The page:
Tomato Hornworms and Parasitic Wasps
After squirrels and deer, the tomato hornworm may be the bane of a tomato grower’s existence. Fortunately, tomato hornworms and parasitic wasps go together like tomatoes and basil. Finding a tomato hornworm in your garden is not the end of the world if you catch them early, and if you employ natural gardening techniques, they garden is brought into balance by bracondid wasps.
Here’s a tomato hornworm in my urban garden happily munching away on the foliage of one of my tomato plants. This caterpillar get’s its name from the vicious-looking horn at one end of the body. In this photo of the hornworm, you can see the horn on right side. This caterpillar, should it be allowed to live, pupates into the five-spotted hawkmoth–a brown and gray hawk moth–in the Sphingidae family.
Identifying Tomato Hornworms
It took years of gardening before I ever spotted a tomato hornworm in my garden. And when I finally did see them growing on my tomato plants I wasn’t upset. On the contrary, I was rather excited to see this garden pest in my garden. I like bugs, and bugs happen when you garden. If you’re hunting hornworms on your plants the first sign you may see is the caterpillar’s poop. For a rather small bug the hornworm leaves behind some rather large poop trails. They look a little like mouse droppings and you’ll see them on the leaves of your tomato plants, or if you grow tomatoes in containers, you’ll see a lot of them on the ground around your pots. Tomato hornworm poop is really hard to miss.
A parasitized tomato hornworm in my garden this year. Notice the the tomato hornworm is covered with cocoons of pupating braconid wasps. The braconid wasp is a parasitoid of the hornworm because it kills the hornworm as it pupates. If you look closely, you’ll see a drop of something emerging from the left side of the caterpillar and from among the cocoons. I’m not sure if the secretion is something the caterpillar does normally, or if it’s occurring because of the wasp eggs. But this year I noticed a high presence of wasps on my tomato plants and after observing them, they seemed to be drawn to the sticky secretion. So a high number of wasps and bees on your tomato plants is another sign to look for when identifying and locating tomato hornworms on your tomatoes.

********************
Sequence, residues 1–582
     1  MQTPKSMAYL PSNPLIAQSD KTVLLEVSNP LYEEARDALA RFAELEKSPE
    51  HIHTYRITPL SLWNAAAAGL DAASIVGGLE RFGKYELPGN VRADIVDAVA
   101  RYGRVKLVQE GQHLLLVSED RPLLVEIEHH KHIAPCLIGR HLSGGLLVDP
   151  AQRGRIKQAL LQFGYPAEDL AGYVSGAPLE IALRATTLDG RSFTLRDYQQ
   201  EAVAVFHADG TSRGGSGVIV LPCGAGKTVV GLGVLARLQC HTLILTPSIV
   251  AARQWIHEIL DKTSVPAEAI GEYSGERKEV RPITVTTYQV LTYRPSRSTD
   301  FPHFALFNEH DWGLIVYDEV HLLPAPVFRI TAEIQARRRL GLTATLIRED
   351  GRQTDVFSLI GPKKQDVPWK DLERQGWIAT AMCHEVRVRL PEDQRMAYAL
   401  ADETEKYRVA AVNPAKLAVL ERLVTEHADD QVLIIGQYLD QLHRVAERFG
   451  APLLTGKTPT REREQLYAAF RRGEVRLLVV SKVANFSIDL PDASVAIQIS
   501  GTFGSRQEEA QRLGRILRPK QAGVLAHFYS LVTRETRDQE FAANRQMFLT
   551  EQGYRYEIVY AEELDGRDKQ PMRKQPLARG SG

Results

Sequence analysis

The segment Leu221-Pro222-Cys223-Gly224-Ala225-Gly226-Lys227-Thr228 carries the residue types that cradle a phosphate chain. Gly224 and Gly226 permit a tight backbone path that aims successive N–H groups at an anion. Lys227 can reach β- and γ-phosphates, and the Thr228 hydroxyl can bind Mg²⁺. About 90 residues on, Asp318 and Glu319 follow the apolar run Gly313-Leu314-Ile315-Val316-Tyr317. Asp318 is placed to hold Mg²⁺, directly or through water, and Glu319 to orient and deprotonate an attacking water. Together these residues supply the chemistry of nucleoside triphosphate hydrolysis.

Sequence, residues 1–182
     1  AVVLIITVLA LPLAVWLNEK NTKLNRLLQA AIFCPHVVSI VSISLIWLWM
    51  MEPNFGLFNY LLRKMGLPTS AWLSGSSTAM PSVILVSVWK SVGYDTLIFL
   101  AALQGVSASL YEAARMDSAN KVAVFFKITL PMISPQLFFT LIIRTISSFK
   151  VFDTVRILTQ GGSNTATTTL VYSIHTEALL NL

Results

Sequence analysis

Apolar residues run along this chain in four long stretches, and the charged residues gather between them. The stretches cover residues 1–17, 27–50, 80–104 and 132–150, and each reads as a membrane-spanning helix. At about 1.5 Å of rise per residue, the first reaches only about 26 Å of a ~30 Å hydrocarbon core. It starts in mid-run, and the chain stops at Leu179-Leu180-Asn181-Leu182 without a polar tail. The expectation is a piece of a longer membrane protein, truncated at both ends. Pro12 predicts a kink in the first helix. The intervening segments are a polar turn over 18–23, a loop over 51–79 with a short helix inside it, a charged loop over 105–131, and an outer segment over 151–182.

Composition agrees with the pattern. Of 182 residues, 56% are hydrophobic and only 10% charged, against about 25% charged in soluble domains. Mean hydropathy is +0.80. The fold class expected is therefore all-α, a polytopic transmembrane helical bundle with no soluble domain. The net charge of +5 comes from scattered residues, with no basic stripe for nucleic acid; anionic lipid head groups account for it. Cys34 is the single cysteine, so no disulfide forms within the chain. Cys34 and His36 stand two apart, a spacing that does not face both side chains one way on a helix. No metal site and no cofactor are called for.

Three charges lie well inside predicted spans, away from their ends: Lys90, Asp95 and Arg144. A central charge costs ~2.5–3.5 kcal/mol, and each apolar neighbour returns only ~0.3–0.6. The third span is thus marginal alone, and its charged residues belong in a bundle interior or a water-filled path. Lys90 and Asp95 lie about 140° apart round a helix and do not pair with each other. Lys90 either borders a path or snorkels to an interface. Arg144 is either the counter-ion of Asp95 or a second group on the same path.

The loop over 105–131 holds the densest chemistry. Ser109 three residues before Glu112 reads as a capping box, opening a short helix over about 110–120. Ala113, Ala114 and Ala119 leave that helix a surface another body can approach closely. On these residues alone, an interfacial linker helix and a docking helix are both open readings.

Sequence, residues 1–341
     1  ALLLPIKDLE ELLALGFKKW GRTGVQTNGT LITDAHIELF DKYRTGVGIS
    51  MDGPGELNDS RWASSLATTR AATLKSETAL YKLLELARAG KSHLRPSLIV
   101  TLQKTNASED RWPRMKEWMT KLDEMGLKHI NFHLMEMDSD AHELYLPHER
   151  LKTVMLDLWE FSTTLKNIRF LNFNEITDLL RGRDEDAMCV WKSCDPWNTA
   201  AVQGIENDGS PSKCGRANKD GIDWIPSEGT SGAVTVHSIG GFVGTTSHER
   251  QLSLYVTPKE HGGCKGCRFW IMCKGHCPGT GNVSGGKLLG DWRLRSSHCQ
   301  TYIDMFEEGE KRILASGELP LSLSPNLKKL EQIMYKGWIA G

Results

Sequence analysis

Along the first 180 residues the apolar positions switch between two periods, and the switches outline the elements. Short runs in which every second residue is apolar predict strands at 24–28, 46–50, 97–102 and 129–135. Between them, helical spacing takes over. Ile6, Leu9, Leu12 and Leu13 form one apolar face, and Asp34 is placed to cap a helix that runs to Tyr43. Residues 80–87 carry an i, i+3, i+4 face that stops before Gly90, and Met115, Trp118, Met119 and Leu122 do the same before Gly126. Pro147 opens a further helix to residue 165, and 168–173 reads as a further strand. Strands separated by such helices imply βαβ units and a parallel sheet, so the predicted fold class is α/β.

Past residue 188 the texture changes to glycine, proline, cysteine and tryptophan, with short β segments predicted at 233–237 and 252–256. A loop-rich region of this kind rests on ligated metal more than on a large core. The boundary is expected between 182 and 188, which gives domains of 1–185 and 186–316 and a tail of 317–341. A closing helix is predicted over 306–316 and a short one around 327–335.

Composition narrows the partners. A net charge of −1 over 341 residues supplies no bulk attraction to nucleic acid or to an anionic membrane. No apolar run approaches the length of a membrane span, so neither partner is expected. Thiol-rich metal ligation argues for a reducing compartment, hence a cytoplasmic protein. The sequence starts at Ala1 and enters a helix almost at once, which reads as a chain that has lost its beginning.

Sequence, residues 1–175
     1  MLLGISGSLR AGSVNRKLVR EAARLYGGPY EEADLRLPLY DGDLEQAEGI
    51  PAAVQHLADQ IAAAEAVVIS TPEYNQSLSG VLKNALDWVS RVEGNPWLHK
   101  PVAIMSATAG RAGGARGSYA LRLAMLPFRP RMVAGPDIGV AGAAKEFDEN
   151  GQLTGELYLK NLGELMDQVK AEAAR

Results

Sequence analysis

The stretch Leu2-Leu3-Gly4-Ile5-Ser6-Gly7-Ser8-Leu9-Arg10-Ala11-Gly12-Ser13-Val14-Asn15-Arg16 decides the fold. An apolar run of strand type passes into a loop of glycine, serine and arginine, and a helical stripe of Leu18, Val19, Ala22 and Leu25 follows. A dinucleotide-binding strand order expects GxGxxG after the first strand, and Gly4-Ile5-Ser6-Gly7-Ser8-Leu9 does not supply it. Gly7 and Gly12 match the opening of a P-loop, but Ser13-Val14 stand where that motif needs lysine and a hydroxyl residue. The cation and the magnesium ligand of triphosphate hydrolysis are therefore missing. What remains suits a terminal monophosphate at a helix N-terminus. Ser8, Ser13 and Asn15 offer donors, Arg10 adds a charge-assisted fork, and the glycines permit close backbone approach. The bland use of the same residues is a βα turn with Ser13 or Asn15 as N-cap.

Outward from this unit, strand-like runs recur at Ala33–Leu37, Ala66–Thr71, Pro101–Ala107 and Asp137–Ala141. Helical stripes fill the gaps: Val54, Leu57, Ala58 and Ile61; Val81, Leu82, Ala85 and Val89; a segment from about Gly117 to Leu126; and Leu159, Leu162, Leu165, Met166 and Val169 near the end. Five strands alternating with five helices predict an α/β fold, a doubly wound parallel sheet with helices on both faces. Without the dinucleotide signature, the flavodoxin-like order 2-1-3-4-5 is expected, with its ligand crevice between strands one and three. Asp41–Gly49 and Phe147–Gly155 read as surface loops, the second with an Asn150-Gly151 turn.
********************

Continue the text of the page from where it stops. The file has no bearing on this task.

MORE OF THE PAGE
Eliminate and Control Tomato Hornworms
Don’t go with your instinct and reach for any bug sprays or synthetic chemicals if you spot tomato hornworm damage on your plants. You are, after all, going eat those tomatoes at some point. Instead, pluck off the hornworm by hand and dump them into a bucket, pail or glass of soapy water. Alternately, you cut them into pieces and feed them to birds that visit your garden, or see if your backyard chickens would like a fat, juicy treat. Some chicken growers I’ve talked to said their hens turn their nose up at the hornworm, but the chickens and roosters that live in the parking lot of the laundromat I use seem to love them.
My absolute favorite method of controlling hornworms on my tomato plants is to save a few of these caterpillars and let nature take its course. Pull the hornworm from your plants and place it inside a jar or plastic bottle without a lid to allow for ventilation. Every couple of days add a few tomato cuttings to the container to allow the caterpillar to continue to eat. And then sit back and watch as the hornworm is eaten from the inside by the pupating parasitic wasps. It’s so disgusting, but it’s so much fun to watch. This has the added benefit of ensuring that there will be parasitic wasps around your garden the next season to help you eliminate and control tomato hornworms on your plants.
How do you handle the tomato hornworms in your garden? Do you pluck them, or do you leave them for the parasitic wasps to devour?